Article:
The world’s favorite, crazy, southern fly fisherman, OWL Jones started a bit of a feud this week between the fishing community and millions of mommy bloggers. It seems Owl is exploring new ideas for ways to monetize his fly fishing blog and in doing so wrote a post called “The Sleazy Side of Blogging”. His post is calling out what Owl sees as an unfair tactic to making money on your blog .
While Owl is a great fishing blogger and buddy, neither him, nor I, nor many of you, will ever make a worthy sum of money on our fishing blogs.
Here’s five reasons why your fishing blog will never make money:
1. 90% fishing passion
Passion is at the heart of all great works of literature. You love fishing and you love telling the world about fishing. Good for you. While you may be an amazing author, you aren’t going to make money.
If blogging were your only source of income, you would die a poor deprived fisherman, rod in hand, pocket full of sinkers, DOWN BY THE RIVER.
If you write your blog with 90% passion and 10% business sense, you may as well hang up your aspirations of ever making money. You can be a phenomenal outdoor writer but if you don’t spend 50% of your time working on “ethical” ways to monitize and promote your blog, you have a hobby not a source of passive income.
2. Trying to make money feels dirty
What is an “ethical” way of making money? Do you feel dirty about posting affiliate links or placing banners on your site? DON’T. Making money should never feel sleazy. As long as you’re not harming anyone else or being dishonest, you DESERVE to get paid. Add up the hours that you spend working on your site, taking pictures, and writing content. The time you’ve spent working on your site is time you didn’t spend with your family, working a second job, or fishing.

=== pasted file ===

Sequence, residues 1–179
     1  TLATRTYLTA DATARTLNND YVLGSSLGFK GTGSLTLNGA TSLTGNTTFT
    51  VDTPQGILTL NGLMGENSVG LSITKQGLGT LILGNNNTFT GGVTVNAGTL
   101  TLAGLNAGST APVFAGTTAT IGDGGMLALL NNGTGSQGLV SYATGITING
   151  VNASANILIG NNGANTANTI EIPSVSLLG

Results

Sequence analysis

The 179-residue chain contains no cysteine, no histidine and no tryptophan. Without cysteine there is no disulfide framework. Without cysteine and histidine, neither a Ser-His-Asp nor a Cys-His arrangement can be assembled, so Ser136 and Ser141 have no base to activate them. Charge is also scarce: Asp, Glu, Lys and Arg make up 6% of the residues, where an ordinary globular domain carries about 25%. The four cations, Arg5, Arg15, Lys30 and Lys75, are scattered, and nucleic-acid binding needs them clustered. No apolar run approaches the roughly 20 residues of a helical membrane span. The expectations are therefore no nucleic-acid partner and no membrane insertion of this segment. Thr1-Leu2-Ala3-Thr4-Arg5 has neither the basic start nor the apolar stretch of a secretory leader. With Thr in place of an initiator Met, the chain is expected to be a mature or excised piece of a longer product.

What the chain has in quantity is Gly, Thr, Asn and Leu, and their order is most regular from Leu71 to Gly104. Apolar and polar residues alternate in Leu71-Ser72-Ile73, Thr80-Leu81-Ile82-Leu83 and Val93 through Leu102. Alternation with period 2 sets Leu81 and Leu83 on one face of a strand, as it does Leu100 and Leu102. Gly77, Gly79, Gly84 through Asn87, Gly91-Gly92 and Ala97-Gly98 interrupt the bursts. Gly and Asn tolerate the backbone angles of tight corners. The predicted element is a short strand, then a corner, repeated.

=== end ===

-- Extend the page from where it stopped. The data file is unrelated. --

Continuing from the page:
I make it a point to click ads on sites that I read because I know money will go into a writer’s pocket. That writer has sacrificed their time to make the content I enjoyed and they deserve the .20 cents a click will bring.
How does the real world work? Head on over to your favorite news source, are there ads? YES.
Top tier news sources that millions of people turn to every day run ads and no one cares. I’ve even seen news sites like Fox News work ads inbetween their “fair and balanced” content to the point where you can’t tell the difference between news and an ad. And you’re worried about placing a small banner ad?
My point here is this: People expect to see ads.
Making ads and affiliate links unobtrusive and relevant will eliminate any pain for your readers and in some cases may even help them find something new.
I’ve tailored the Google ad on this page to serve mostly outdoor related ads. Is it over the top? No. If you’d like help doing this on your site let me know.
3. You have an addiction to fishing
Hi my name is Matt, I’m a Functioning Fishaholic. While I can’t tell you how to fix this problem, I can tell you about my life. I fish three or more days a week. I spend countless hours reading posts and engaging the fishing community on social media. I tie flies, I make my own lures, and at least once a week I shop for new fishing gear. I think about fishing when I eat, when I sleep, and yes even when I poop.